Donald Trump, a man for whom imagery is everything, is said to be livid at the low turnout at Saturday's campaign rally in Tulsa.
Who can blame him? Politicians like crowds, and the president - obsessed with ratings and imagery - found himself playing to a two-thirds empty room.
What's ominous for Trump's re-election campaign is that the location was carefully chosen for its presumed red-state reliability. After all, Trump won Oklahoma four years ago by a crushing 36 points; the Sooner state is about as red as red can be. The turnout was supposed to have been so overwhelming that an outdoor stage was built next to the BOK Arena for a second presidential appearance; that was cancelled.
For a man who fears being laughed at, embarrassed and humiliated, it was laughable, embarrassing and humiliating.
History teaches us this: Whenever a presidential campaign takes on the whiff of failure, it can quickly feed upon itself and make matters worse. Two recent one-term presidents come to mind: Jimmy Carter and George H.W. Bush.
The Carter comparison
In terms of patriotism, ethics and morals, there can be no comparison between our 39th and 41st presidents and Trump, of course. Carter is, and Bush was, honorable and decent. Both wore the uniform of our country and devoted a lifetime to public service and giving back. This has never been, and never will, be said of Trump.
From another standpoint, however - presidents struggling to win a second term - the parallels are clear.
May 2020? 13.3%. But keep in mind that the Bureau of Labor Statistics says it should really be 16.3%, because of data that was "misclassified."
Stock market comparisons are also unfavorable. Through last Friday, the S&P 500 was down 4.1% this year. From January to June 21, 1980 it rose 5.6% - nearly a 10-point advantage for Carter - while over the same period in 1992 it fell 3.2%.
I cite unemployment and stock market data because these are the things that Trump spent three years bragging about. So it's only fair to cite them here and use them for comparative purposes.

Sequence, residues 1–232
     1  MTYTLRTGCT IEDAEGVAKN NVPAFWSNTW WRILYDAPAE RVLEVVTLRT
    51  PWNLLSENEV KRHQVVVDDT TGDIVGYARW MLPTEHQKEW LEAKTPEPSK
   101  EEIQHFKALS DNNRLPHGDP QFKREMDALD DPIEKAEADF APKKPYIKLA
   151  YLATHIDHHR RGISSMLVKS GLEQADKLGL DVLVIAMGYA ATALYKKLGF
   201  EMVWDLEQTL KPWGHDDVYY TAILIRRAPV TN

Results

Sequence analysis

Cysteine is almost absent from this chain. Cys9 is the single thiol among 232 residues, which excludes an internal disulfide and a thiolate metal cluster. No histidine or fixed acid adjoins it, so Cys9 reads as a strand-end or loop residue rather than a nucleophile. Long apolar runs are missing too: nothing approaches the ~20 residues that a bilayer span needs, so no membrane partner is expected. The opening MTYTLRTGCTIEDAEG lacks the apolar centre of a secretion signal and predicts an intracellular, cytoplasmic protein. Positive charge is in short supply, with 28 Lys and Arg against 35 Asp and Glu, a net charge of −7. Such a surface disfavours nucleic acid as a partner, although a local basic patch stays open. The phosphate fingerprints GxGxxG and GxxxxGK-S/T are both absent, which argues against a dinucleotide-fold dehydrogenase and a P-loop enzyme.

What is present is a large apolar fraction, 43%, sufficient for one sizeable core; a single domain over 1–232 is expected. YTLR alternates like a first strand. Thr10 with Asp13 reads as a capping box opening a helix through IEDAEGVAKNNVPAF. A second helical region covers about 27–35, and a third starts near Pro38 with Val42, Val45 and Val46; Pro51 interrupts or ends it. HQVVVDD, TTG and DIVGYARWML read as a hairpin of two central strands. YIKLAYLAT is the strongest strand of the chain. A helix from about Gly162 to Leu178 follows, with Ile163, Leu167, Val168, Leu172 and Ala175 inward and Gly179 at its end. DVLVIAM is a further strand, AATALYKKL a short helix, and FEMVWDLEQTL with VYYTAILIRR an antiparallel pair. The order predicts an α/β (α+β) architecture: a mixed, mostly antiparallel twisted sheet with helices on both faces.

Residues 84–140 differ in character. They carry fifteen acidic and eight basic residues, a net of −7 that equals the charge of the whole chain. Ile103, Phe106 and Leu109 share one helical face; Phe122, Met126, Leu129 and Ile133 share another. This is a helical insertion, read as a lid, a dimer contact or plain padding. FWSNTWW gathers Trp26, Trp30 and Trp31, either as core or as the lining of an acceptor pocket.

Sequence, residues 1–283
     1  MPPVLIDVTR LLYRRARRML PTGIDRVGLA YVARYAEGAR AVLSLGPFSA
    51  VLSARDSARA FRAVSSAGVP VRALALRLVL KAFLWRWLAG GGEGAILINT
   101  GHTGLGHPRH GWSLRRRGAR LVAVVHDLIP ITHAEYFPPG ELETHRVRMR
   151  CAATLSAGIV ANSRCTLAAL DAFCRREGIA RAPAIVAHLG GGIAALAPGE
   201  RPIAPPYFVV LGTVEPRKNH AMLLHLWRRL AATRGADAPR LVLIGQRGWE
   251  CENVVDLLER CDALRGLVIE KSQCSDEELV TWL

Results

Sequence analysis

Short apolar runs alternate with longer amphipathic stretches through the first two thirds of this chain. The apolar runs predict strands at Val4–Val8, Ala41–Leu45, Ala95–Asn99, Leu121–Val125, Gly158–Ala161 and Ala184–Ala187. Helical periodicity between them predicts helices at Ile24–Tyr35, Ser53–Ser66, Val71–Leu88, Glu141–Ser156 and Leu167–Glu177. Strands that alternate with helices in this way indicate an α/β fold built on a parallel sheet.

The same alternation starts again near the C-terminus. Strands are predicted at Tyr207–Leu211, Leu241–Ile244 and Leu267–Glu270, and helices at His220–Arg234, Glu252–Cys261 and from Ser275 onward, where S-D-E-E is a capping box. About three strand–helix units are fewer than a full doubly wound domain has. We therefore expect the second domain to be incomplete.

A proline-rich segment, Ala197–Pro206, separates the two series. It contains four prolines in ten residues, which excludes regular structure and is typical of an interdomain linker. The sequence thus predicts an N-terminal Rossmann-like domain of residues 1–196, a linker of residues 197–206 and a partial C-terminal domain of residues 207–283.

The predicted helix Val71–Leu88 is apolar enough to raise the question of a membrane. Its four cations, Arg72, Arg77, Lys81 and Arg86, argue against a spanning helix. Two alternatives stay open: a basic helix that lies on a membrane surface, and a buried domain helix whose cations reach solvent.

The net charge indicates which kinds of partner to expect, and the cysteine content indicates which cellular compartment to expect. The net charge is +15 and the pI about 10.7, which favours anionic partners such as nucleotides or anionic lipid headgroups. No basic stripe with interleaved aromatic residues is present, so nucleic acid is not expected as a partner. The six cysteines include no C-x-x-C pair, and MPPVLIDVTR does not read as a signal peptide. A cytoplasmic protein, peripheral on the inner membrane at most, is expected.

Data that was poor for Carter and Bush is worse for Trump. On top of this, additional events created images that, fairly or not, seeped into the public consciousness and dragged each president down. Carter and Bush were unable to halt their downward spirals. Can Trump? As he likes to say, "We'll see what happens."
As 1980 dawned, Carter's Gallup approval was 56%. But Iran had seized dozens of American hostages at the U.S. Embassy two months before, and as the crisis played out daily on T.V., Carter began to sink. There was also a crisis-within-a-crisis, when a daring commando raid to free the hostages failed in April; eight U.S. service members were killed when two aircraft crashed in the Iranian desert. The military botched the raid, codenamed "Operation Eagle Claw," but Commander-in-Chief Carter took the heat.
Within two months, Cater's Gallup approval had collapsed about a dozen points to 31%. The president never recovered and was crushed that November by Ronald Reagan.
Further into the Bush comparison
Bush, in contrast, was a foreign policy master whose steady leadership led the United States through the fall of the Berlin Wall, a rout of Iraq in the first Persian Gulf War and the collapse of the Soviet Union. A year before election day, he enjoyed an approval of 59%. But a mild recession in 1991 - GDP slipped 0.11% - began dragging him down.
Previously from author: What makes 2020 so uniquely awful? It distills a century of horrors into one year
Again, imagery played a role. In February 1992, the president, attending a National Grocers Association convention in Florida, was shown a new type of checkout scanner, which could weigh foods and use damaged bar codes. There was only one reporter there, Gregg McDonald of the Houston Chronicle, who wrote that Bush had a "look of wonder" on his face. Photographers captured the scene.
The New York Times, which wasn't even there, proceeded to run a story headlined "Bush Encounters the Supermarket, Amazed," which quickly mushroomed into a broader theme, largely unfair, that Bush was out of touch with how ordinary Americans lived. This, combined with the mild recession which ended in 1992, hurt the president further, and as Americans went to the polls that November, Bush's approval was in the mid-30s. Enter Bill "It's the Economy, Stupid" Clinton.
From personal experience: I helped create the worst photo-op ever. Thanks to Trump, now it's only second worst.
Singular events can assume a life of their own and have the power to alter public perceptions for better or worse. Carter and Bush learned this the hard way. No one knows this better than Donald Trump - a president who watches television endlessly, lives to be on television, rose to power from television. Of course he is livid with the poor turnout in Tulsa. Surely he is aware that other presidents were shown the door despite more favorable conditions than he's dealing with, and I haven't even mentioned his image-poor handling of the ongoing pandemic and recent unrest.
It's late June. Trump's Gallup approval is currently 39%. The numbers are bad, the imagery is bad. A lot can happen in four months, but for this president it may be too late for a turnaround.
Paul Brandus, the founder and White House bureau chief of West Wing Reports, is the author of "Under This Roof: The White House and the Presidency." Follow him on Twitter: @WestWingReport.
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This article originally appeared on USA TODAY: If Carter & Bush couldn't win, Trump's re-election doesn't look likely